TaxCorporate TaxTaxman clears up PAYE confusion

Taxman clears up PAYE confusion

Employers who have not paid PAYE to HMRC because an employee has already paid the tax via self-assessment will not incur any additional liabilities after the publication of new legislation

HMRC building

The taxman has published the legislation following a special commissioners
case involving hotel company Demibourne, where it was found that the company
should have been responsible for an employee’s PAYE, but that the employee had
paid the income tax via self-assessment instead.

Special commissioner John Clark found that although the tax had been paid,
Demibourne was liable as it should have taken responsibility for the payment of
the tax through PAYE.

Clark said HMRC had no discretion to offset the tax paid by an employee
against the PAYE liability of the employer, and was obliged to collect tax from
the employer.

The case confirmed that where an employment relationship exists, the employer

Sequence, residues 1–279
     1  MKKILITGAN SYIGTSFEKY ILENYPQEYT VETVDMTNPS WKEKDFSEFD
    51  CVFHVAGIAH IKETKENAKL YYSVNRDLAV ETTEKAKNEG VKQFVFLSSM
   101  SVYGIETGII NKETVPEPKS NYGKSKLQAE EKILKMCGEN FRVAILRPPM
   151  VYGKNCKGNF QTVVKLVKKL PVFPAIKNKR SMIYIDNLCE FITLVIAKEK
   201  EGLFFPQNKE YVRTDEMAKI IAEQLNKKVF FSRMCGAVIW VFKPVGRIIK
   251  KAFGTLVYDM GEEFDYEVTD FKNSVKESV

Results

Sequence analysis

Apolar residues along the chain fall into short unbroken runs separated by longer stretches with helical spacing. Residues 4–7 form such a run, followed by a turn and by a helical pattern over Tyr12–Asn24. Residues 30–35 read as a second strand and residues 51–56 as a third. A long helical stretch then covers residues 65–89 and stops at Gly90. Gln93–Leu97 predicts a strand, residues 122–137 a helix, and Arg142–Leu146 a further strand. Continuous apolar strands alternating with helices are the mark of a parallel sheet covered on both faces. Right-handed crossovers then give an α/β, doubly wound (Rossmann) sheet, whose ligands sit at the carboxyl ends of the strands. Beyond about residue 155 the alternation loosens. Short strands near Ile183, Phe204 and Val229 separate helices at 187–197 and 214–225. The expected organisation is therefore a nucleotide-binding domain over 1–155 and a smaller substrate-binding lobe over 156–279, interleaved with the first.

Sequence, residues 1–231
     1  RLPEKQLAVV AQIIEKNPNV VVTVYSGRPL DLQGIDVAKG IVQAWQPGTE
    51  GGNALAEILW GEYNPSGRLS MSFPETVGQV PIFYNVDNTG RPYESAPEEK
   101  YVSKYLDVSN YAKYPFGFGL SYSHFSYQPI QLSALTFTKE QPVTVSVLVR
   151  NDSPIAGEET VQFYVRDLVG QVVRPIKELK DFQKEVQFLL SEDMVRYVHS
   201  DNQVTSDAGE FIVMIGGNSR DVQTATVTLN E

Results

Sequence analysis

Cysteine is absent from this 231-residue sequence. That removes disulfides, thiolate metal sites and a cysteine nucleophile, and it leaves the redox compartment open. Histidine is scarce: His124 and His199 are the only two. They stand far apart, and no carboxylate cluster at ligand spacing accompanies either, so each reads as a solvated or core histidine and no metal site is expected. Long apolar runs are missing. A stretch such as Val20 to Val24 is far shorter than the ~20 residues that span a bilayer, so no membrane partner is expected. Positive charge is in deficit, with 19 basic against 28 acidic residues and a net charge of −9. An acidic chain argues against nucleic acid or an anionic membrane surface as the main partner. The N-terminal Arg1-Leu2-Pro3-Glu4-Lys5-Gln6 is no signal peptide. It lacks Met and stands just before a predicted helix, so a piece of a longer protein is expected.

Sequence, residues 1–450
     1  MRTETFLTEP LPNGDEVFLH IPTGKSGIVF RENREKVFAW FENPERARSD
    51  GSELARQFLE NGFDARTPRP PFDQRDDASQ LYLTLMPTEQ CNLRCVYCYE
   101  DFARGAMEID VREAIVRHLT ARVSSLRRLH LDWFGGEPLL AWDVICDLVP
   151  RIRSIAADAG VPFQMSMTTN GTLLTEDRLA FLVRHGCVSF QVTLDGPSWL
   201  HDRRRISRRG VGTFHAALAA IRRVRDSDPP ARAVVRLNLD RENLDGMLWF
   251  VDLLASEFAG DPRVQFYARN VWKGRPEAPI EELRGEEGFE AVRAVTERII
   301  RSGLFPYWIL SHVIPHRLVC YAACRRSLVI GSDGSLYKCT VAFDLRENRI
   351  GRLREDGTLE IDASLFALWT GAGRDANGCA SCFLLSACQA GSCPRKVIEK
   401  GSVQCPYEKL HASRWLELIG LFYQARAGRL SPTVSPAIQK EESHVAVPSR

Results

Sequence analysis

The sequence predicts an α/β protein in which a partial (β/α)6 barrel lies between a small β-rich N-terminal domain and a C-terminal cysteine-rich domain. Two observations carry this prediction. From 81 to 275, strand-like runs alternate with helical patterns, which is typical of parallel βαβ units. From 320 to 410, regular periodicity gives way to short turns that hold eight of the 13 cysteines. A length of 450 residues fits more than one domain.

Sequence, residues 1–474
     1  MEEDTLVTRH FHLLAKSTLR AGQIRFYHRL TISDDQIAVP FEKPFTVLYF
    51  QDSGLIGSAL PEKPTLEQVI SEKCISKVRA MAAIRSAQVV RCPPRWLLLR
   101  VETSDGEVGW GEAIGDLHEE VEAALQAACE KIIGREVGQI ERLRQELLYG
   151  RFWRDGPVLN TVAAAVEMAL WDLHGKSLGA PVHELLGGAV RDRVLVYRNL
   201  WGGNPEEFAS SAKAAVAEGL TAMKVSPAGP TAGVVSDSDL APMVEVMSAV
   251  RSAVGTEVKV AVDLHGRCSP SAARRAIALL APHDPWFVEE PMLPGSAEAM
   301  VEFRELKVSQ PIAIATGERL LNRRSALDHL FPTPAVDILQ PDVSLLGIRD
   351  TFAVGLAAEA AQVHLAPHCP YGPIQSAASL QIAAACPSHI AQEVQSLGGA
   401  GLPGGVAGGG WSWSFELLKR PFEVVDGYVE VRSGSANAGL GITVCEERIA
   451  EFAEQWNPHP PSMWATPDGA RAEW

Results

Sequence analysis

is responsible for deducting tax from payments made to the employee in
accordance with the PAYE Regulations. HMRC did not have the discretion to choose
whether to collect tax from the employer or the employee.

HMRC has tried to deal with this anomaly by collecting the tax from the
company and then refunding the employee. It is then up to the employee to repay
the amount back to the business.

This has proved difficult to implement, as employers have found themselves
out of pocket with no easy way to recover the money from workers, especially
those who no longer work for a business. But with the new legislation it is
hoped that such difficulties will be erased.

Effectively the new rules will allow HMRC to transfer an employer’s PAYE
liability to an employee if it can be shown that the tax owed under PAYE has
been paid by via self-assessment.

The move has been welcomed by advisers, who believe the new law, which comes
into effect on 6 April this year, will make the process easier to manage.

‘The employer will no longer be liable for the PAYE that was due – removing
the circuitous and often unproductive sequence of tax charges, refunds and
offsets,’ a PricewaterhouseCoopers briefing note said.

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